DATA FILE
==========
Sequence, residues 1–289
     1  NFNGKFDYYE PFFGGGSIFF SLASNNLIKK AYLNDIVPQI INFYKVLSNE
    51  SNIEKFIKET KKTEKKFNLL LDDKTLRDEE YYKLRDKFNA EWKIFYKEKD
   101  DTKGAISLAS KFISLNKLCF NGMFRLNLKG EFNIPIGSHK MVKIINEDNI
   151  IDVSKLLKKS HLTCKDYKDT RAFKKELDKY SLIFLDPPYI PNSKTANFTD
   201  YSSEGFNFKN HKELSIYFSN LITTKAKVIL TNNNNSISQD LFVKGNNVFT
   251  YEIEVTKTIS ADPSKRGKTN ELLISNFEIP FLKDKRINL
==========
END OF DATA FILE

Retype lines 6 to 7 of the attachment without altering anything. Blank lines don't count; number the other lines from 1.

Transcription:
   201  YSSEGFNFKN HKELSIYFSN LITTKAKVIL TNNNNSISQD LFVKGNNVFT
   251  YEIEVTKTIS ADPSKRGKTN ELLISNFEIP FLKDKRINL